This is a novel about witnessing, so we must look it firmly in the eye; but it’s a dark, difficult, ambitious and problematic book ... Perry has tried to do much more, ethically and philosophically, in this novel [than her previous novel, The Essex Serpant]. The effort is laudable, though the result is a lesser book ... There is undoubtedly much to enjoy. Perry is a connoisseur of airs that thicken in a watched room. Her showdown set pieces, all appealingly bizarre, deploy every last velvet curtain, shaded lamp, glass ornament and Dvořák aria that her Prague setting can provid ... Yet, in the absence of the finely traced inner lives that can be fiction’s gift, we look at people rather than with them, which puts a limit on how much we can see.
This is a novel where every sentence has been wrapped in layer upon layer of velvet, in which every word is unctuous, in which every image is just on the verge of feeling overripe. It is a book that is always teetering right on the edge of being too much — but it never quite crosses over the line ... Self-consciously restrained novels are a dime a dozen, but weirdo over-the-top quasi-Victorian gothic fantasies about sin are rarer birds. This is a lush book, so let yourself luxuriate in it.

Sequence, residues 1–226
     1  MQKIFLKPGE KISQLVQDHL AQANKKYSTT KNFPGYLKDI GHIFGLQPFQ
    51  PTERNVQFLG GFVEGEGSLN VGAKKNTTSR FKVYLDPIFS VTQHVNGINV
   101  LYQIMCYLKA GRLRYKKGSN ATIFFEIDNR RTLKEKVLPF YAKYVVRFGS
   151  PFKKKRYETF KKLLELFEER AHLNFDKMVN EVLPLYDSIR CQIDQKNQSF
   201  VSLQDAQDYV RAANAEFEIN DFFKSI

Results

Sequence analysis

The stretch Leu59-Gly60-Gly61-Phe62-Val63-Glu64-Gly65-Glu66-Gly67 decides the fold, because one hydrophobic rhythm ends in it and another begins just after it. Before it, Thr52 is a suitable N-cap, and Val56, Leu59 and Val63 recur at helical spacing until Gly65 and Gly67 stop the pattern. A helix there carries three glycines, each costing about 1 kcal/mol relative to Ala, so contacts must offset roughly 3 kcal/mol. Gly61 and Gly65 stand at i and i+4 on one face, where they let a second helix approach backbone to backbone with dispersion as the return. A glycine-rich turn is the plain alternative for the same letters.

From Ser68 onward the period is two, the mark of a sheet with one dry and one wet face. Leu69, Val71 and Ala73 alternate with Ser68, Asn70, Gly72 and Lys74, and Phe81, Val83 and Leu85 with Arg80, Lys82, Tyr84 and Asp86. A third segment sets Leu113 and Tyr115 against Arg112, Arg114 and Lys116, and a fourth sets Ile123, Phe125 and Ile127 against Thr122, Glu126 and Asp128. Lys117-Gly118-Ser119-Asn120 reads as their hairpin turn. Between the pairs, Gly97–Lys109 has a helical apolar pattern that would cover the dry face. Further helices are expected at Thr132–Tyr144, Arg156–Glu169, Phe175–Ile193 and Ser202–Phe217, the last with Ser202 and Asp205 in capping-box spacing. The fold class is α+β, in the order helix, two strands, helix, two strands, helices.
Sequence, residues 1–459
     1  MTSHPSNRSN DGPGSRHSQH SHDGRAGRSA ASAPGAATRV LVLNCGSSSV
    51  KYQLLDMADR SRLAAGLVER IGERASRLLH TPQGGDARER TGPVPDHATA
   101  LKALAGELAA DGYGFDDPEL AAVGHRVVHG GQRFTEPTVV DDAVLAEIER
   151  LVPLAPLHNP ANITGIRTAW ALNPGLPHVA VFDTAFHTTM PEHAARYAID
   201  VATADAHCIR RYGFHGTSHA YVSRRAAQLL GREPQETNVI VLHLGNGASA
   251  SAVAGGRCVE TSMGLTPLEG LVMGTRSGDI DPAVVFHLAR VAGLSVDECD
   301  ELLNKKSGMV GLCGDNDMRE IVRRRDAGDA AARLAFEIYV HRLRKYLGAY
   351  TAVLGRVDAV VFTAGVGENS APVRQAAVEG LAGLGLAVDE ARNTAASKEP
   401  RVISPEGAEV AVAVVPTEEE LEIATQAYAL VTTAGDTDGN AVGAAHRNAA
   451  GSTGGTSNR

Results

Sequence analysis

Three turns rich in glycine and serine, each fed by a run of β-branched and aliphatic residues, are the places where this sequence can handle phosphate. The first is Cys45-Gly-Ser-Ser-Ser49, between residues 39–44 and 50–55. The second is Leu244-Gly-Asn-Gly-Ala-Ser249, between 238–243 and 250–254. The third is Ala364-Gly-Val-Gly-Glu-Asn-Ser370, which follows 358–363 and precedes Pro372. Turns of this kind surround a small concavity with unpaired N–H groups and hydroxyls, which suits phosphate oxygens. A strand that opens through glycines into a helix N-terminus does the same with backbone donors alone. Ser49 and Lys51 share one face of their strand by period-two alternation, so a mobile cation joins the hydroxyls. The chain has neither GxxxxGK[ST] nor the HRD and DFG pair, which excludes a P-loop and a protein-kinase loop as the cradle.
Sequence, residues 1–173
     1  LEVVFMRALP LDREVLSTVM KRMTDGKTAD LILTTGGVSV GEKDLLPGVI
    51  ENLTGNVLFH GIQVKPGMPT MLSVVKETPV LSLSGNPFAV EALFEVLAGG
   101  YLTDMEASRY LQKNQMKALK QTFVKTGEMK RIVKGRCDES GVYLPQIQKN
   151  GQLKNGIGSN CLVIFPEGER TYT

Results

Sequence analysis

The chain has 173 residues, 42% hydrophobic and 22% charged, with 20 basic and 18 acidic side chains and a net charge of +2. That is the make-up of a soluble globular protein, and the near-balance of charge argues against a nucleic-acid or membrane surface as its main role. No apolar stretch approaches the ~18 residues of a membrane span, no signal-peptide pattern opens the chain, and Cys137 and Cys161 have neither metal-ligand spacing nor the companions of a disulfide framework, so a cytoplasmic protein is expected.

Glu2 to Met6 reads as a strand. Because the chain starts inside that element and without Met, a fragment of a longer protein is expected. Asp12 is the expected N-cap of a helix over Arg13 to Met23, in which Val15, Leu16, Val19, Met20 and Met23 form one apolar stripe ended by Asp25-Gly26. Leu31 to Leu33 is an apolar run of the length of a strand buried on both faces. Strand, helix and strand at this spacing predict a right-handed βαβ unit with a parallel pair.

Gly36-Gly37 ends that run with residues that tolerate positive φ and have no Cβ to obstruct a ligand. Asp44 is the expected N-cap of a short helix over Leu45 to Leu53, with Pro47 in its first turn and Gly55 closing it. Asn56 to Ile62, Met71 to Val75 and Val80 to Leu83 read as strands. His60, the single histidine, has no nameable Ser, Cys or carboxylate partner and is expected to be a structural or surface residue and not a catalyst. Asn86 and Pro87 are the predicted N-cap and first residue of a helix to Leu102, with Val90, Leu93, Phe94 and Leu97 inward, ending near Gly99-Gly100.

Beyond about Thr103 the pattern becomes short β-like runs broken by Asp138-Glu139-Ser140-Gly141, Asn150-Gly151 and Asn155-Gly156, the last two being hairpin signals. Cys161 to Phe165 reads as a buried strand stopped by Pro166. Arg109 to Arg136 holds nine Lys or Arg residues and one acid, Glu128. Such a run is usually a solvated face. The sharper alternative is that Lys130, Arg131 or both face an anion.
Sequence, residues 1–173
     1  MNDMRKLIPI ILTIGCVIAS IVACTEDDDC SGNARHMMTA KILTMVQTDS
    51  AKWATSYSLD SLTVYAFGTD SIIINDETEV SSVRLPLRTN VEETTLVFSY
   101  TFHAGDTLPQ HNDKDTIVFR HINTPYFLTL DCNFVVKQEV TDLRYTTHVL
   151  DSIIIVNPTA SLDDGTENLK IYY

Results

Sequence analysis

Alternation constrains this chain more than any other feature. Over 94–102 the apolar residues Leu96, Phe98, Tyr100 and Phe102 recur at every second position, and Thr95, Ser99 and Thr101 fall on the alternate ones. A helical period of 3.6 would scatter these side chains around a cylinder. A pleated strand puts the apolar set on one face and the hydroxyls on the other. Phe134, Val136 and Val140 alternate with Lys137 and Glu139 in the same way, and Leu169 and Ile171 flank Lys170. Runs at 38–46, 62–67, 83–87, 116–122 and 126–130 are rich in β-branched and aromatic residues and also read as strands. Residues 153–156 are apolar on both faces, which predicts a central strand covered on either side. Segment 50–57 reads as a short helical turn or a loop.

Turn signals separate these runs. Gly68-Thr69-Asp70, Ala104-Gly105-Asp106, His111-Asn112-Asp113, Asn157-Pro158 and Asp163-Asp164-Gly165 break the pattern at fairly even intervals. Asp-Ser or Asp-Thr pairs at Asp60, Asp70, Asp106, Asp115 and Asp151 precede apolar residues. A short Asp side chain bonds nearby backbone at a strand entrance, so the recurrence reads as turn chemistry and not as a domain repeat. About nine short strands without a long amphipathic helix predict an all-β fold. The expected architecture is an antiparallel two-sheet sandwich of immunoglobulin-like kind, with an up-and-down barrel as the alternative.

Far richer than a romance, Melmoth uses the Gothic mode to sketch a psychological model of guilt that scales up and down ... Half spooky story, half meditation on history, Melmoth revives the Gothic form and drags it through time, into our present.
Like the Wandering Jew, Perry’s nightmarish Melmoth ranges the earth recording horrors wrought by humankind. She watches and tracks individuals whose sins cannot be forgiven, upon whom she preys with flashes of magical realism. The nonlinear time line of historical events and the nested stories involving wide-ranging and complex characters may sometimes make readers feel uneasy or even lost. But once we gain our sea legs, this stylized, postmodern work by a masterly writer compels us to see genocide, war, deportation, and even compassionate deadly crimes through new eyes that reflect the characters’ perspectives.
While the Gothic novel feeds on the materiality of horror, Perry’s approach emphasizes the absurdity that a material as innocuous and commonplace as paper can convey the world’s most unspeakable horrors. In the process, Perry does not distinguish her readers’ experience from her characters’... and instead implicates her readers by framing their experience as similar to Helen’s ... Perry enriches our sense of reading’s materiality. She explores how stories change and live in time, and, in the process, disrupt the other stories of which they become a part ... Perry’s tales are dying to be unearthed.